“While it may seem counterintuitive that writing about negative experiences has a positive effect, some have posited that narrating the story of a past negative event or an ongoing anxiety “frees up” cognitive resources. Research suggests that trauma damages brain tissue, but that when people translate their emotional experience into words, they may be changing the way it is organized in the brain.”
The Harvard article also mentions an upcoming study on how writing about positive experiences only for three days had a big impact on the participants’ well-being—both immediately after the writing and a month after the study. (The long-term effects of writing therapy have been demonstrated in several other studies.)
If you want to try expressive writing, it might not be helpful—and can even be damaging—to write without a few pieces of guidance. The purpose of expressive writing is to transform yourself from someone that a confusing thing happened to, to someone who’s in charge of the story. That means being in control of the sequence of events, and the details. This might sound scary, but writing down what happened in the order it happened, and including as many details as you possibly can, actually helps us see ourselves as observers of something that happened, not victims of something currently happening. This does not mean convincing ourselves that we were responsible or could have changed it, but that we are the ones who can tell the story today. Remember, putting a traumatic event firmly in the past is a crucial part of recovery.
“Recovery” might sound like a long way off or like the wrong thing to focus on, and it can be. Perhaps there is a loss that you don’t want to “move on” from, which is a common feeling. I loved this line from Siegel-Acevedo, the Harvard author and founder of Bold Voice Collaborative: “We write about painful experiences not to move past but to move through them without being destroyed.”
For direct guidance, I suggest trying a four-day writing exercise developed by the founder of expressive writing as a therapeutic technique, Dr. James Pennebaker. You just need ten or twenty minutes a day, and will be writing about a specific experience and how it connects to other important elements of your life. Check out this short guide, Healing From Trauma Through Writing, if you’re interested in giving it a try. Again, seek professional guidance if you’re dealing with an experience, situation, or memories that affect your daily life.
The Four Things That Matter Most
One exercise I’d like to offer that you can try at home is a chance to begin reflecting on the people in your life who have influenced you in a positive way, and use them to begin to write into a space of love and gratitude. I learned about this exercise through a collaboration I did with Iowa City Hospice back when I worked for the UNESCO Cities of Literature. It’s based on the book The Four Things That Matter Most, by Dr. Ira Byock.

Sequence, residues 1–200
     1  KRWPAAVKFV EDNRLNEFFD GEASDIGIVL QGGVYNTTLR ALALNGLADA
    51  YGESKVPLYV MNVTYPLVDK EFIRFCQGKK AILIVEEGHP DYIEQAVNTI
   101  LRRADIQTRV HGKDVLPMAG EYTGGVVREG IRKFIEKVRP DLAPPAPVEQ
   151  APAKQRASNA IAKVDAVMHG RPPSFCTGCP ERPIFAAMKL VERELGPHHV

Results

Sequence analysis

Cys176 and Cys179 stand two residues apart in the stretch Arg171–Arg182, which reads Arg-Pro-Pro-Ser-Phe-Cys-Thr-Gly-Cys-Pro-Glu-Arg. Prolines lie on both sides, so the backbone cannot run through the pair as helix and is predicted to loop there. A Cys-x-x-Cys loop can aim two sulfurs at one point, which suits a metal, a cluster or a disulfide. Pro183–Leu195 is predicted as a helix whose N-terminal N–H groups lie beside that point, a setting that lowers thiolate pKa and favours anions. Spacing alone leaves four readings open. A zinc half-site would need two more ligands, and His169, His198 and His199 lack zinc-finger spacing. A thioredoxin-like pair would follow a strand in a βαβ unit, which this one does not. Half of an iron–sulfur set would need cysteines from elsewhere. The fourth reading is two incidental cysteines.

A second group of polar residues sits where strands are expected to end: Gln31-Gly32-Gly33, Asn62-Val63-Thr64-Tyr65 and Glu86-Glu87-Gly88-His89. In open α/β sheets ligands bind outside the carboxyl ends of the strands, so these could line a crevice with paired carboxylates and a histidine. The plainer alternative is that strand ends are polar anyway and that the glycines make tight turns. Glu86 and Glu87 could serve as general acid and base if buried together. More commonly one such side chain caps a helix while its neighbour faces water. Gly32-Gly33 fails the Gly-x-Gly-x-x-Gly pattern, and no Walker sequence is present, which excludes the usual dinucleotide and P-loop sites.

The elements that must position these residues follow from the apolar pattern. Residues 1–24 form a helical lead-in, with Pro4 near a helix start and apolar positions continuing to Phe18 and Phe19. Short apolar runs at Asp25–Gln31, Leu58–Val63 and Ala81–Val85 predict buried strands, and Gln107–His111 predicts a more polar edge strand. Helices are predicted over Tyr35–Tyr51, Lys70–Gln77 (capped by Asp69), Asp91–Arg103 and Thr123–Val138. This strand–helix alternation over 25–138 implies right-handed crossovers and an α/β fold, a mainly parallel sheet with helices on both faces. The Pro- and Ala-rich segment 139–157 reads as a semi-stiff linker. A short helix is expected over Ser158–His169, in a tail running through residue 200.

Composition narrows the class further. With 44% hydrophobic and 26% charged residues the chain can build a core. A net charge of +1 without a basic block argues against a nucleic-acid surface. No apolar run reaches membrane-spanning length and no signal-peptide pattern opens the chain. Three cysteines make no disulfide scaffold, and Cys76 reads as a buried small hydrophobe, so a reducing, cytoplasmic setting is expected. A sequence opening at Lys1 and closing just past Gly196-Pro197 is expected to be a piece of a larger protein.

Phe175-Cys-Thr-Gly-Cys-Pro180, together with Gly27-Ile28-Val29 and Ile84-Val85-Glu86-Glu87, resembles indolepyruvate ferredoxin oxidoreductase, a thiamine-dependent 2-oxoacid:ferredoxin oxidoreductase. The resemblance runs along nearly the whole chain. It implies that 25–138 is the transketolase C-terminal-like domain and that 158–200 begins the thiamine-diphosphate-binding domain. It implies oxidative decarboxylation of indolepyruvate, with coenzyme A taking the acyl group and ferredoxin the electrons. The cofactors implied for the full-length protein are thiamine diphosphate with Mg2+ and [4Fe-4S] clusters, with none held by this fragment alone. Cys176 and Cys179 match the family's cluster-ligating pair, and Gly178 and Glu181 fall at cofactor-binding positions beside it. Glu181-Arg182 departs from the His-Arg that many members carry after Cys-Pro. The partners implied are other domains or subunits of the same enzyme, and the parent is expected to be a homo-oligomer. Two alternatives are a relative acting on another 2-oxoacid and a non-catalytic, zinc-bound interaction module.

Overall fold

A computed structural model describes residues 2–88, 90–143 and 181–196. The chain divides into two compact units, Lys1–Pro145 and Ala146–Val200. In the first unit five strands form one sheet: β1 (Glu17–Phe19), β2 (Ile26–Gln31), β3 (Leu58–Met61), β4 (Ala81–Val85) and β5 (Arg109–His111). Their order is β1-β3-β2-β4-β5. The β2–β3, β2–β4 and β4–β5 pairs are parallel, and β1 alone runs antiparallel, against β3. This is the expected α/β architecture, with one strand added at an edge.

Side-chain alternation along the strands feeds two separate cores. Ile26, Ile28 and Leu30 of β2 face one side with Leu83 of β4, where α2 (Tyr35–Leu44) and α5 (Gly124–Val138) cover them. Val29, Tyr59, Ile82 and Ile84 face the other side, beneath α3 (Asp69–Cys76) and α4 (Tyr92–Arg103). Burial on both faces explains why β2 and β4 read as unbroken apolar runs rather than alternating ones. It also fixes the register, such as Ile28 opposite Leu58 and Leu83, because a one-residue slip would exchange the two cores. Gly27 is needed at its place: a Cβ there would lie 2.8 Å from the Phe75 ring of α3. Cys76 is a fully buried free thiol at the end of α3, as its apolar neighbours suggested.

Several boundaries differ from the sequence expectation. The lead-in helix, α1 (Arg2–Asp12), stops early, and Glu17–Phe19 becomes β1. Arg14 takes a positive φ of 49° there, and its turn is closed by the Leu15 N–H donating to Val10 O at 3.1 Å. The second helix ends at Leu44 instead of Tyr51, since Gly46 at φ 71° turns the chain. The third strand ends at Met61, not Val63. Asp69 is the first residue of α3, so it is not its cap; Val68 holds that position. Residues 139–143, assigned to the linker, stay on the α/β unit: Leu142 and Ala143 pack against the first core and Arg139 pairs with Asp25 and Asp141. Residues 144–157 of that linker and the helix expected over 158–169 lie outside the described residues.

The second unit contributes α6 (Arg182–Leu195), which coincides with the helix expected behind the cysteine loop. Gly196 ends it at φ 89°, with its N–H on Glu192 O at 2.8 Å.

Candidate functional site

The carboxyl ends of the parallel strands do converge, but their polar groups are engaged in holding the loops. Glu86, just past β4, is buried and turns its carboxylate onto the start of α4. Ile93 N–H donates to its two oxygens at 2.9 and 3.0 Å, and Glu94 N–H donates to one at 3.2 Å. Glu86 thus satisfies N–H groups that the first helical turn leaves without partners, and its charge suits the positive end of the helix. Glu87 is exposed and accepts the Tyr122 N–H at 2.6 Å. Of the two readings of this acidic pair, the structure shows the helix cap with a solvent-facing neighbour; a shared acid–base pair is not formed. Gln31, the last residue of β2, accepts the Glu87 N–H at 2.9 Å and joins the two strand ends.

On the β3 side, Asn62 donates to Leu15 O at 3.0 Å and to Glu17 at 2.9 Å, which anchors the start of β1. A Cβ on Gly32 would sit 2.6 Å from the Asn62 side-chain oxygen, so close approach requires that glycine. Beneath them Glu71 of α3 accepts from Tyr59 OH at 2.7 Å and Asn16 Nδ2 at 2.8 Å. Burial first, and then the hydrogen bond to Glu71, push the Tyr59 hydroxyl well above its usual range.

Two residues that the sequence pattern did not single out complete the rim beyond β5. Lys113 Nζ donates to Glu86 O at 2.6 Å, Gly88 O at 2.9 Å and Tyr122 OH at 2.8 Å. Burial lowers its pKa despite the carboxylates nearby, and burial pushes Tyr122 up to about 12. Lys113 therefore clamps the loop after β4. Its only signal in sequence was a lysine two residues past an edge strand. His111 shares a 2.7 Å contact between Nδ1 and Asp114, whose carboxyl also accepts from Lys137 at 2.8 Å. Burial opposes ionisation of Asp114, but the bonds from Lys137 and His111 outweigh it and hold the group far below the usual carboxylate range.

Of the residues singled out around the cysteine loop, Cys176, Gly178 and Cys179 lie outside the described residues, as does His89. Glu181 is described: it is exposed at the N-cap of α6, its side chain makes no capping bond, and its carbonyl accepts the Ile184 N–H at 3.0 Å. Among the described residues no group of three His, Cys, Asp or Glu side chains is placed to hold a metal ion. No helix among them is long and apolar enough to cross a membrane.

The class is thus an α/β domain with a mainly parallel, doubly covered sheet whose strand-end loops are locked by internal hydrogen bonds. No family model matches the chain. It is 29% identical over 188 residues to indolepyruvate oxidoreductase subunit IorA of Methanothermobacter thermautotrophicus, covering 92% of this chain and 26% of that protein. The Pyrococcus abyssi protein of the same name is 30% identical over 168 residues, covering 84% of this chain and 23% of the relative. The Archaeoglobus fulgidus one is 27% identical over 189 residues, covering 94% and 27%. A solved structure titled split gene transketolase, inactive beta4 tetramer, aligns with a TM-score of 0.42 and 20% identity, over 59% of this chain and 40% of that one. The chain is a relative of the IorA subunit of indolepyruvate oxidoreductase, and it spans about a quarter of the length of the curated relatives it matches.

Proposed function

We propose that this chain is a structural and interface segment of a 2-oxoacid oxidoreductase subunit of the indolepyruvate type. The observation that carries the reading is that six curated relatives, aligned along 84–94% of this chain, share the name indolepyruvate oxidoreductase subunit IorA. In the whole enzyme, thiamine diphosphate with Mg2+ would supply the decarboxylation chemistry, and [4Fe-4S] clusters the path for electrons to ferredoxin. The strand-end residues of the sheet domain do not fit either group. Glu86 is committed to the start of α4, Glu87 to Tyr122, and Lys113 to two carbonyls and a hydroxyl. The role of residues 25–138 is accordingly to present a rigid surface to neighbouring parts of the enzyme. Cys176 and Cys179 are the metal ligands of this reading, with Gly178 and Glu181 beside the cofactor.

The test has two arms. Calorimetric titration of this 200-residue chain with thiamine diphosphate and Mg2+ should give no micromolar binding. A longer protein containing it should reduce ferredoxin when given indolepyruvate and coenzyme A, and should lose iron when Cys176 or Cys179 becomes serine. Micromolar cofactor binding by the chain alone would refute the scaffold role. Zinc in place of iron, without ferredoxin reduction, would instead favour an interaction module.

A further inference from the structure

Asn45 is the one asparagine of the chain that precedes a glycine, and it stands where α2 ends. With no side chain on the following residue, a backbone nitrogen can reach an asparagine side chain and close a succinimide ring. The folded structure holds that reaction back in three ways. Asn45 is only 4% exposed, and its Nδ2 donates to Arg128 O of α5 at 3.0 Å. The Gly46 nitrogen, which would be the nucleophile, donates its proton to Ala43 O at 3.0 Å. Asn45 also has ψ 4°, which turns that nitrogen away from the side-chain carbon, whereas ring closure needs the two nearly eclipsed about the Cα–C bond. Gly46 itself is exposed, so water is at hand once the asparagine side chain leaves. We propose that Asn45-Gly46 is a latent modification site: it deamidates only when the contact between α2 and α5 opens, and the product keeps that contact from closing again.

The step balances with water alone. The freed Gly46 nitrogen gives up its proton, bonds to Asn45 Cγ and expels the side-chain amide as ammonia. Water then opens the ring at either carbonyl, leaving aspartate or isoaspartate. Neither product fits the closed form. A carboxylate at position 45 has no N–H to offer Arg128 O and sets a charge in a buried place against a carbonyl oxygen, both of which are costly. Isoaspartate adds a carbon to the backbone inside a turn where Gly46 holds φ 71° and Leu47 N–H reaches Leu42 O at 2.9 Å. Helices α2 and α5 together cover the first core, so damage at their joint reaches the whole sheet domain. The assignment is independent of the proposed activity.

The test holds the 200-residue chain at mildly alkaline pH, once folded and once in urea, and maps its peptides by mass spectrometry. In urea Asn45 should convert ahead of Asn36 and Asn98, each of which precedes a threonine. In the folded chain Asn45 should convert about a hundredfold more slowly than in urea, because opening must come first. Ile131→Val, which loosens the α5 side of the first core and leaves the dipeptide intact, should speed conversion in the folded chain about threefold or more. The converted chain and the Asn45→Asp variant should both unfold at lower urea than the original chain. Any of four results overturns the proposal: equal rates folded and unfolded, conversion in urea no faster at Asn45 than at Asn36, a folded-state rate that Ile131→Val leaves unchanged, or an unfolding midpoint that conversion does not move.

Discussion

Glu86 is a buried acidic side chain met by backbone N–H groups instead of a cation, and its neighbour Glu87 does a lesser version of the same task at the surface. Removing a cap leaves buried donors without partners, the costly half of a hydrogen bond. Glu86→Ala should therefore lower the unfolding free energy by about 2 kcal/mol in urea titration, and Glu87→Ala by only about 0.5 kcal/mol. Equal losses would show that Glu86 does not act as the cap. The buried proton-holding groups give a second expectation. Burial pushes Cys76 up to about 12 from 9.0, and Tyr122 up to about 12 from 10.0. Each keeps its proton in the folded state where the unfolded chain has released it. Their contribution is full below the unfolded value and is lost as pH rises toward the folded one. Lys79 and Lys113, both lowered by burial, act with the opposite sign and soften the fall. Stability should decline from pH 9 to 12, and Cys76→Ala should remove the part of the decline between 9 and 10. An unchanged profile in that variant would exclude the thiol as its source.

Now, this is private writing just for you, although it may be something you decide you want to share. The person you write to or about can be alive, or passed. It can even be a letter you write to yourself, the version that isn’t around anymore. Maybe you even write a letter to who you are now, from your future self. Regardless, choose one of the following:
1. Write a letter to an individual who has taught you something about the themes of love, forgiveness, and gratitude.
2. Write a reflection/story about a person who taught you to love, forgive, or express gratitude.
3. Write about how incorporating these themes allowed you to be able to say goodbye to a significant person in your life.
By the way, here are the "four things that matter most," from Dr. Byock, when it comes to how we communicate with people close to us, or who hold a place in our lives:
“Please forgive me.”
“I forgive you.”
“I love you.”
If you’re interested in other exercises to help process the loss of a loved one, you might give autoethnography a try.
Writing about the future can be a powerful technique to help us move through difficult periods in the present. I wouldn’t personally conceive of future writing as a kind of “manifestation” or the newest iteration of The Secret. Rather, future writing is a way to honor what the past has taught or revealed to us, by exploring how even a negative event may shape our future for the better. If this sounds good, here’s a prompt to get started:
Often, being angry is a sign that something we value has been threatened. If you feel angry about something you experienced, like losing a loved one, experiencing an assault, losing a job, or something else small or large, what is the value you hold that was threatened or violated? How specifically will you let that value guide your own behavior and decisions in the future?
Writing with others can be an extremely powerful way to feel connected, understood, and part of a true community. It can even be a way to find that community. This section deserves much more space, but for now I just want to urge folks to read Robert Yagelski’s Writing as a Way of Being, which explores how writing can help us connect not only with others but with our environment, or listen to our podcast with Bob where we discussed how writing can help heal communities and bring people together. Writing is an embodied act, and doing it together can remind us that everyone else on the planet has a body that they’re working in, through which they are relating to the world, and that some of those bodies have been harmed, have grieved, have danced. To look around at a group of peers and see them all working something out on the page is a reminder that we are all working things out.